Angela Davis asks how we can develop compassionate relations with other creatures with whom we share this planet. “That would mean challenging the whole capitalist industrial form of food production,” she states. Davis points out the “lack of critical engagement” with the food we eat. “The commodity form has become the primary way we see the world. We don’t go further than the exchange value of that object, whether it’s food, clothes, iPads…” Davis suggests developing “a habit of imagining the human relations and nonhuman relations behind all the objects that constitute our environment.”

It’s difficult terrain. There are certain paths on which it becomes a little scary to tread, lest one end up living in a yurt off the grid on a permanent silent retreat, naked and living on beans.

As it is, the refrigerator in my small household is completely plant-based, yet stocked as ever. We aren’t at a want for anything and our budget isn’t crazy impacted. My husband, who claimed he wouldn’t like the plant-based products because the taste would pale, has trouble telling the tofu veggie cream cheese from the regular, the pizza cheese from vegan replacements. On two occasions he has been wrong — twice not able to tell the difference.

“Isn’t it interesting?” I said. “It’s not taste; it’s mental conditioning.”

Small children aren’t yet wired with these social norms. When my 4-year-old, Olivia, and I talk about the reasons why mommy is vegan, she latches to the mothers-and-babies part. The other morning at the breakfast table, over cherry cashew yogurt, she asked for the thousandth time, “Why do the babies get taken?”

“You mean the cows?” I asked.

She nodded.

“It’s the way mommy’s body makes teeny [aka breastmilk] for Aleshandra. A mommy cow’s body makes teeny for her baby, too, but they take the baby away and put the mommy on the ‘pumpers’ so people can drink it instead.”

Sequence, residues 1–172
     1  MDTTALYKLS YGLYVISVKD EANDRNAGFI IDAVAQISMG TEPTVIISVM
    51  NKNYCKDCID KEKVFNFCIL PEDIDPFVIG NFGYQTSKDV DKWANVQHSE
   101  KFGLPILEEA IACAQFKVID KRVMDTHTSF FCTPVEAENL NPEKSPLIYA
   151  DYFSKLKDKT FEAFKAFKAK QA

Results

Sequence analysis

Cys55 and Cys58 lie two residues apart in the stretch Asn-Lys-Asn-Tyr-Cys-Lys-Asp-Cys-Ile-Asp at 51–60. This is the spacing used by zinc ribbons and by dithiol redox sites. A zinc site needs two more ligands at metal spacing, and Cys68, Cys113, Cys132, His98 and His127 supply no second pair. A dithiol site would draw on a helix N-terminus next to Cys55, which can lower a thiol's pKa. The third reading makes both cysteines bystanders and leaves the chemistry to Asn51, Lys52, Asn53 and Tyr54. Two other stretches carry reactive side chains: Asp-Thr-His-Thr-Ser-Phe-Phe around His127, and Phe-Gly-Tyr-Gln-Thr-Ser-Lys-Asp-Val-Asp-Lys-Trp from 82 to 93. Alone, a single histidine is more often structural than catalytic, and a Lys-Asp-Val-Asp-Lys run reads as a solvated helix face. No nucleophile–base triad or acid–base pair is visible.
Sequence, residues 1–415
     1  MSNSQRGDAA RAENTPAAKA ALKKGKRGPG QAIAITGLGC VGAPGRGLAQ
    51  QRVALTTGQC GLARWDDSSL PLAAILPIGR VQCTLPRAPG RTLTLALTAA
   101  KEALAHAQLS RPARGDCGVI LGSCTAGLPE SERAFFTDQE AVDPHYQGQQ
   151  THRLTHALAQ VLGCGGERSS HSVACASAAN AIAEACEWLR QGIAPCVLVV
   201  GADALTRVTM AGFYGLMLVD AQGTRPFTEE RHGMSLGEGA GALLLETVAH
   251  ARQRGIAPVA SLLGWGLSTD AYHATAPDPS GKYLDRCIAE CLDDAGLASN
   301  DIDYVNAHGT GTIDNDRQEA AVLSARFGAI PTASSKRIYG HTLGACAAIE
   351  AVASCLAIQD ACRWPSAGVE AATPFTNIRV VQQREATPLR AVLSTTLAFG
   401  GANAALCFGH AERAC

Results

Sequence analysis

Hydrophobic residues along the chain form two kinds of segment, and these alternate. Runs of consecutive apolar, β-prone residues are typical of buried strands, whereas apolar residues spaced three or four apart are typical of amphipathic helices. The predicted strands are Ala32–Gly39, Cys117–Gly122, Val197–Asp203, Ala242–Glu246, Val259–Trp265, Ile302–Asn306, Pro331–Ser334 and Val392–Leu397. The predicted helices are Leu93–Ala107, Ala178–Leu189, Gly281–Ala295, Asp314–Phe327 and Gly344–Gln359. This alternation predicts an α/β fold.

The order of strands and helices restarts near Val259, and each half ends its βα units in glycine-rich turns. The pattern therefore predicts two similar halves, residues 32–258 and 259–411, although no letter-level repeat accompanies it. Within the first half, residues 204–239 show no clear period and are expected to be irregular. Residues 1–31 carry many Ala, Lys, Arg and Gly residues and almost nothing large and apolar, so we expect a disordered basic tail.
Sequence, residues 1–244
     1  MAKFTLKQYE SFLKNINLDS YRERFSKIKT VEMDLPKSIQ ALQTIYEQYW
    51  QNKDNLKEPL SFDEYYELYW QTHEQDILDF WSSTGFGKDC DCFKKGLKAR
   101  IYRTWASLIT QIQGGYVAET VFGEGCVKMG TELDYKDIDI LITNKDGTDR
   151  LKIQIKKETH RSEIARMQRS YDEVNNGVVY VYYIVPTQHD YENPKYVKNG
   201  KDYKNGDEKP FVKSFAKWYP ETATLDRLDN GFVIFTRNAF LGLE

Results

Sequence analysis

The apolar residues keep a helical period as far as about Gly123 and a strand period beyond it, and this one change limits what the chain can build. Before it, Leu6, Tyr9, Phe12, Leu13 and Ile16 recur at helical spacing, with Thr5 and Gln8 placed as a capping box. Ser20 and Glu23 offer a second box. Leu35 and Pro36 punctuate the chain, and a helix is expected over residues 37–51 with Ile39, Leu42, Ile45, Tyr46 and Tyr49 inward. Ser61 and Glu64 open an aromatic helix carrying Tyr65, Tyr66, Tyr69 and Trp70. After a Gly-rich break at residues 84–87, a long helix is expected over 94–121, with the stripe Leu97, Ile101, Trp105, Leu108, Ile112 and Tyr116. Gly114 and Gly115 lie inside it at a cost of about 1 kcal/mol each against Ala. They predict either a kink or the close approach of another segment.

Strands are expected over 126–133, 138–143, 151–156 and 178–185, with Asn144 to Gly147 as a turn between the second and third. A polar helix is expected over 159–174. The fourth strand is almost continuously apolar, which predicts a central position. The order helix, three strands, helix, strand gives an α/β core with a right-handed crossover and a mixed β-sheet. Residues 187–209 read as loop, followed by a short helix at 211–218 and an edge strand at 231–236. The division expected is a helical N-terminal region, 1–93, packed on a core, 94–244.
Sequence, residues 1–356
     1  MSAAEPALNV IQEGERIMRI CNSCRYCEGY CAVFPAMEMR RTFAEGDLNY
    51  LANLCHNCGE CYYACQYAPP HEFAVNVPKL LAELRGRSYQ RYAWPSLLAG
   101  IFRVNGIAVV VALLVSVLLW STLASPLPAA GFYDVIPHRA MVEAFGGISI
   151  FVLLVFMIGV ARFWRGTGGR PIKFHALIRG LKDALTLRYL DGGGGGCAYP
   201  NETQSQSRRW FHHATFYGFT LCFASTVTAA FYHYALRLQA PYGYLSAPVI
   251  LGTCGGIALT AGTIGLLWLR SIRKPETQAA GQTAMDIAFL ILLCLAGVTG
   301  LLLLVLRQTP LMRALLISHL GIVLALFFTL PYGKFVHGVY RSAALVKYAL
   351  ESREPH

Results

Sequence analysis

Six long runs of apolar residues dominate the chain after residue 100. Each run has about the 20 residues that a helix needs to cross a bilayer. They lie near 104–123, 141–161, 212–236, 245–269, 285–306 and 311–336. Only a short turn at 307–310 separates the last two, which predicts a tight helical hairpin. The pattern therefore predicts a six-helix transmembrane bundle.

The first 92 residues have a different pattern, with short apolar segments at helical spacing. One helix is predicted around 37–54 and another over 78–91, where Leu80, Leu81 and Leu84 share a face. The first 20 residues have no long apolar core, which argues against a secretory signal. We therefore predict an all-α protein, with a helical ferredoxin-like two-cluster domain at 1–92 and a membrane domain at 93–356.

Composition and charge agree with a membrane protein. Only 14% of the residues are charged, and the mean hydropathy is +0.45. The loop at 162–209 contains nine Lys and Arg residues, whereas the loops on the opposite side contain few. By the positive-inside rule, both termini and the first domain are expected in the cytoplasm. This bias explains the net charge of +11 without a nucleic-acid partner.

“And where’s the baby?”

“They put the baby in its own separate little hutch.”

“By self?”

I nodded. Olivia got quiet.

“How do you feel?” I asked.

“Really sad,” she said.

“Yeah,” I replied. “It is.”

I remember, as a child, being presented with a glass of milk and instinctively reacting with repulsion, but feeling something was wrong with me. Wasn’t I supposed to like this stuff, at least if it had chocolate in it? Didn’t my body need it for healthy bones? (Propaganda!)

My early 20s saw barely the dawn of soy milk at Starbucks. Eighteen years later, almond, oat, macadamia, and hemp are café menu staples and cashew-based cheeses are a far cry from rubbery replacements of the not-so-distant past. While some dairy proponents counter that almond milk is an unsustainable option because of land and water use, all of the plant-based milk options ultimately use less land and water than what it takes to keep dairy cows fed and watered over their lifetimes — they eat and drink so much more than humans. And while almond is the worst as far as environmental impact, oat-milk is a sustainable option, according to a recent University of Oxford study.

My tastebuds are awakened in a new way by the deliciousness of plant-based foods: creamy, coconut-milk ice-cream, cashew-cheese pizza, and the simple variety of plain old vegetables. I wonder if, by attempting to raise two vegans in this era of awareness and better substitutions, the domino effect can spread to the point where future generations will look back on an uncivilized past society of bull masturbators and planet-damage just so people could engage in the bizarre custom of drinking another mammal’s milk and think, Why did they ever do that when we get a similar-enough substance from nuts not attached to sentient beings? A mother can hope.

Maybe I get so worked up because, after birth and during breastfeeding, my social mores got stripped away. I dwell in a primal mammalian state. The calf is everything. Is the calf crying? Is the calf hungry? Does the calf need a diaper change? And, if momentarily out of sight, Where is the calf? Is the calf attempting to climb the spiral staircase or stick a fork into an electrical outlet? Relief arrives when holding the calf, nursing the calf, staring intently into the calf’s eyes and experiencing this connective, beautiful light. The urge to nurture the calf. I can’t know what new motherhood feels like to a cow, but this is how it was for me — simply animal instinct.

* * *

Liza Monroy  is the author of the essay collection Seeing As Your Shoes Are Soon To Be On Fire, the memoir The Marriage Act, and Mexican High, a novel. Her work has appeared in the New York Times, the Los Angeles Times, the Washington Post, O, the Magazine, and Marie Claireamong other publications. She lives in Santa Cruz, CA.

Editor: Sari Botton